Republicans Demand More Information on Voters before Elections - Four days later, Rogers tells Iglesias and Rumaldo Armijo, Iglesias’s executive assistant, in an email that because New Mexico Democrats are casting doubt on the validity of his voter-fraud claims, he wants to “dig up all past info” and asks if there is “any easy way to access the public info related to voter fraud from the [US Attorney’s Office] (public) files? Asap? Before Nov 2?” Rogers is referring to the date of the upcoming state and federal elections. (Barnett also sends emails demanding that Iglesias investigate the canvasser, whose identity he does not know.) Iglesias promises to look into Rogers’s request and “let you know what is publicly available.” Iglesias soon finds a case prosecuted in the early 1990s and provides Rogers with the public information about that case.
No Prosecutable Cases; Republicans Outraged - The FBI will later identify and interview Gonzales. Both Iglesias’s office and the Justice Department will find that there is insufficient evidence of criminal behavior in the matter to warrant her prosecution. Iglesias will later say that this case is the strongest one to come out of the entire task force’s proceedings, and even it does not meet the standard for criminal prosecution. New Mexico Republicans are frustrated, having intended to use the Gonzales case to further the Thompson/Stout lawsuit. Barnett complains that Iglesias “appoint[ed] a task force to investigate voter fraud instead of bringing charges against suspects.” Matt Henderson, ACORN’s lead organizer for New Mexico, tells reporters that the lawsuit is “no different from what was going on in the civil rights movement of the 1960s. This is about a set of people trying to stop another set of people from voting.” [US Department of Justice, Office of the Inspector General, 9/29/2008; Atlas, 2010, pp. 214-216]
Allegations Collapse under Scrutiny - Even before Iglesias begins his investigation, the allegations of voter fraud had begun to unravel. Several voters admitted accidentally filling out two registration forms. A large majority of the 3,000 “suspect” forms, upon examination, actually showed legitimate attempts by citizens to register to vote. On September 7, a district judge dismissed the suit against Vigil-Giron. ACORN member Yolanda Pena told the press of attempts to make false claims of voter fraud, and showed the press a copy of Kevin Stout’s registration card—it appeared to have been filled out by a child, not an ACORN worker, and seemed to have been done as a prank and not as an attempt to fraudulently register a young boy. “Instead of taking responsibility for this boy’s prank,” Pena told reporters, “the Republicans used it to try to ram a lawsuit through the courts that would have made it harder for minority voters to vote.… We are delighted that [the Republicans] lost in court. Their dirty tricks are racist and un-American.” Another ACORN representative tells reporters that he cannot understand why Gonzales’s name is on Kevin Stout’s registration form, as he had already fired Gonzales for altering other canvassers’ cards to falsely claim credit for having voters fill them out. Gonzales could not have helped Stout fill out his card or filled it out on his behalf.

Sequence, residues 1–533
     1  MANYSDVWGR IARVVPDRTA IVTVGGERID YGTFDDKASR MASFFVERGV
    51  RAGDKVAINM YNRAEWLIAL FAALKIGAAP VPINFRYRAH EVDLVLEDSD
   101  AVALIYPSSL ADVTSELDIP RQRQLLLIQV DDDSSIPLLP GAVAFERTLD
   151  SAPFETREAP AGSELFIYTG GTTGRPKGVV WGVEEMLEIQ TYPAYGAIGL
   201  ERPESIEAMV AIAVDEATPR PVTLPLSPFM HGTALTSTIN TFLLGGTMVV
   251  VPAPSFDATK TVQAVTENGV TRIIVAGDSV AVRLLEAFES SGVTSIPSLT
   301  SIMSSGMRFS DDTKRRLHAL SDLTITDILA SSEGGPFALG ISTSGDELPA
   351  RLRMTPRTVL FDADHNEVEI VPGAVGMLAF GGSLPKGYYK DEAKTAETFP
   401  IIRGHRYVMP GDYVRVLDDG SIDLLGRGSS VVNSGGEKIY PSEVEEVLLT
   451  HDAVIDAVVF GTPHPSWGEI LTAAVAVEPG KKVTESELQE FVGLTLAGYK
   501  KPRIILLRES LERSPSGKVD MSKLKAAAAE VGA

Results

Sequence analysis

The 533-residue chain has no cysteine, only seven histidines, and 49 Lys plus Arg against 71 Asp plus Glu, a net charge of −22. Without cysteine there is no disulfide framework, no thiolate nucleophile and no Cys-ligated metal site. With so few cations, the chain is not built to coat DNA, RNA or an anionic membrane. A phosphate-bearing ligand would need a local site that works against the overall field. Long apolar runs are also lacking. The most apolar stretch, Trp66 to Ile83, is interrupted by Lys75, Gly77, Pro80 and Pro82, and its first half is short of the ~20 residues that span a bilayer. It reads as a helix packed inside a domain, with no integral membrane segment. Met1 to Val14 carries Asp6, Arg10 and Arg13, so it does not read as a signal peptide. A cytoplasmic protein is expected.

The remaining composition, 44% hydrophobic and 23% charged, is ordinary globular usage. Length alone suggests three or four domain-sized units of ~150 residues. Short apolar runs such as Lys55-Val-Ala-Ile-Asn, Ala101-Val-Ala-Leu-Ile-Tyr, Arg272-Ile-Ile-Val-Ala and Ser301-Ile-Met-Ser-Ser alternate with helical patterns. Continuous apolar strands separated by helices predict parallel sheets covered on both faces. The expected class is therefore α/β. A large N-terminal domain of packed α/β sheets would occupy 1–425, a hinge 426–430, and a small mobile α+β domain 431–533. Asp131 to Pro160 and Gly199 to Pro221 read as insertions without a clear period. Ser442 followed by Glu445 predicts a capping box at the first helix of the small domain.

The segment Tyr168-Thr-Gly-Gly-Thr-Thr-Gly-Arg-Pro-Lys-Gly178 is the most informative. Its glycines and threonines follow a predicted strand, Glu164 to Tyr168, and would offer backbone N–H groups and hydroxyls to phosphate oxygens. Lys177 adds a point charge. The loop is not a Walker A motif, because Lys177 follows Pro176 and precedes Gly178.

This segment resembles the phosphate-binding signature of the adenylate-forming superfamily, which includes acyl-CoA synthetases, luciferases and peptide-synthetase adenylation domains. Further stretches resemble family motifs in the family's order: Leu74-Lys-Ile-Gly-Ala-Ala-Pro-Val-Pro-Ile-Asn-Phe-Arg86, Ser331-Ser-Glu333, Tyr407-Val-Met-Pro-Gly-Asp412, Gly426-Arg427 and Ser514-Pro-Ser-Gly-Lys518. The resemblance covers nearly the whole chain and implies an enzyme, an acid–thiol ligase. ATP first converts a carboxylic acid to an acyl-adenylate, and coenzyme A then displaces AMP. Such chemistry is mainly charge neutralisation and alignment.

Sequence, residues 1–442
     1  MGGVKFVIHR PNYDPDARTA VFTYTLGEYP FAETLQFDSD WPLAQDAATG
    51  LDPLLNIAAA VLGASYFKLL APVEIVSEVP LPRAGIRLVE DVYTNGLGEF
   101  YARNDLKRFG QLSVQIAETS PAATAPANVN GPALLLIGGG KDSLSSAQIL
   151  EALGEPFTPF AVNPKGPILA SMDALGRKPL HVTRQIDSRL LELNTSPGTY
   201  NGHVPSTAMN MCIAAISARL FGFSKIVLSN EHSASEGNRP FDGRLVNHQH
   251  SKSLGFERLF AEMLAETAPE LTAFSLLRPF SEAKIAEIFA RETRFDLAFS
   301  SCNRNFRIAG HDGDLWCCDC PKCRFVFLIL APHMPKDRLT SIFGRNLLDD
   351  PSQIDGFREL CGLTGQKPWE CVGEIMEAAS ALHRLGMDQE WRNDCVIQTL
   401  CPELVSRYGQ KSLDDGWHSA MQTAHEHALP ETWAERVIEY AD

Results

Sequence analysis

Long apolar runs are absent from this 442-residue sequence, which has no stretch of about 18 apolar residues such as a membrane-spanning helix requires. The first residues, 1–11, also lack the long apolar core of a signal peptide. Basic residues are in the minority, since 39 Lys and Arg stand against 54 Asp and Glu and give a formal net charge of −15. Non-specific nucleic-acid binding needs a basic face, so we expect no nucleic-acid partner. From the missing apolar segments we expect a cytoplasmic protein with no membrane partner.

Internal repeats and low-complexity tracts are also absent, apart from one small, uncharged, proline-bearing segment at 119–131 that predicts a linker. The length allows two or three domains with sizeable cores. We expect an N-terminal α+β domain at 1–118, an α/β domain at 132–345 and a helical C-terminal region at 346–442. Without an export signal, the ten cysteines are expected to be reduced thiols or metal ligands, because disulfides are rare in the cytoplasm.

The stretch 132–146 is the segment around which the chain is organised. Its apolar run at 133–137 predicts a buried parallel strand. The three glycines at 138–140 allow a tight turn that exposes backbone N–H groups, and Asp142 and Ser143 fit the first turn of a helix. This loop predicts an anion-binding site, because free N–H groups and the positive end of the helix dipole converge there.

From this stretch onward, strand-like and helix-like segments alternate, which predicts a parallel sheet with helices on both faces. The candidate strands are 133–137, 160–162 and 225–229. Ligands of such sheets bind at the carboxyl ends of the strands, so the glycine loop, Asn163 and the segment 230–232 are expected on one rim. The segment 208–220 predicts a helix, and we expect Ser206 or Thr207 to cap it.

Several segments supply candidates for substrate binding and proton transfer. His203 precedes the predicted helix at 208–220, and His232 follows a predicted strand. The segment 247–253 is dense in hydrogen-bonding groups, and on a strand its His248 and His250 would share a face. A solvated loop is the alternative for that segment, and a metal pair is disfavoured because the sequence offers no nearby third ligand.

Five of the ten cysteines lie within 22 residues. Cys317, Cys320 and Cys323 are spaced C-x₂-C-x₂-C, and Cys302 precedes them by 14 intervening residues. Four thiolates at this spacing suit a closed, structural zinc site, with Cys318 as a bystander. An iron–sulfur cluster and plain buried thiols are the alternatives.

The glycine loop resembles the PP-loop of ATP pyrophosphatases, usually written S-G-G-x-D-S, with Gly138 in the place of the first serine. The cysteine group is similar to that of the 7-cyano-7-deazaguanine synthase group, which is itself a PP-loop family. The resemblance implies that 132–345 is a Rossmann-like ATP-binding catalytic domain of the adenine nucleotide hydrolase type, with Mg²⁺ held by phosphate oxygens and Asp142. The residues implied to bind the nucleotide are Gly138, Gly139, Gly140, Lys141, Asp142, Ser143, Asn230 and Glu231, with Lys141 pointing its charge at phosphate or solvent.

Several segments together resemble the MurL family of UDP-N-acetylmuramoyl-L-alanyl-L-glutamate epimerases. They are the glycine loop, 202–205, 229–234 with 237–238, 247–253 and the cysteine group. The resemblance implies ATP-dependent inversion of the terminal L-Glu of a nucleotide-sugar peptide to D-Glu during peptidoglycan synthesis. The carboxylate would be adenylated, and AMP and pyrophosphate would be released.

Lawsuit in Response - New Mexico Republicans were enraged at the suit’s dismissal and the ACORN press conferences, and attempted to file a criminal suit against Henderson, alleging that he had broken the law by keeping photocopies of submitted registration forms. (In 2000, Henderson and ACORN chapters in New Mexico had indeed kept such photocopies. At the time, that was a legal practice. Since then, the law has been changed and ACORN, like other voter-registration groups, has ceased keeping those forms. Rogers will also insist that Iglesias file felony charges against Gonzales.) New Mexico Republicans will demand that Iglesias aggressively investigate Henderson and ACORN, charging Henderson with “perjury” and “suspect” practices (see September 23 - October 2004). Iglesias will later say of Gonzales, “It appeared that she was just doing it for the money.” [Atlas, 2010, pp. 215-216]